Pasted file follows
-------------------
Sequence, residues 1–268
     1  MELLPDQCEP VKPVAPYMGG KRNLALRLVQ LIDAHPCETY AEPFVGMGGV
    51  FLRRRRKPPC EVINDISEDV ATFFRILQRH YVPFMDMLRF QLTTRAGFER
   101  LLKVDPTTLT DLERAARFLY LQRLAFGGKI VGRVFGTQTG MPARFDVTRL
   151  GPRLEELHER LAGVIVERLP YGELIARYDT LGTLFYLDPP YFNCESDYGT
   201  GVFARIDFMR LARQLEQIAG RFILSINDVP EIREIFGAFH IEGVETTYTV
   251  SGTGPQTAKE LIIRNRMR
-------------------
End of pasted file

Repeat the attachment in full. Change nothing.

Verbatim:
Sequence, residues 1–268
     1  MELLPDQCEP VKPVAPYMGG KRNLALRLVQ LIDAHPCETY AEPFVGMGGV
    51  FLRRRRKPPC EVINDISEDV ATFFRILQRH YVPFMDMLRF QLTTRAGFER
   101  LLKVDPTTLT DLERAARFLY LQRLAFGGKI VGRVFGTQTG MPARFDVTRL
   151  GPRLEELHER LAGVIVERLP YGELIARYDT LGTLFYLDPP YFNCESDYGT
   201  GVFARIDFMR LARQLEQIAG RFILSINDVP EIREIFGAFH IEGVETTYTV
   251  SGTGPQTAKE LIIRNRMR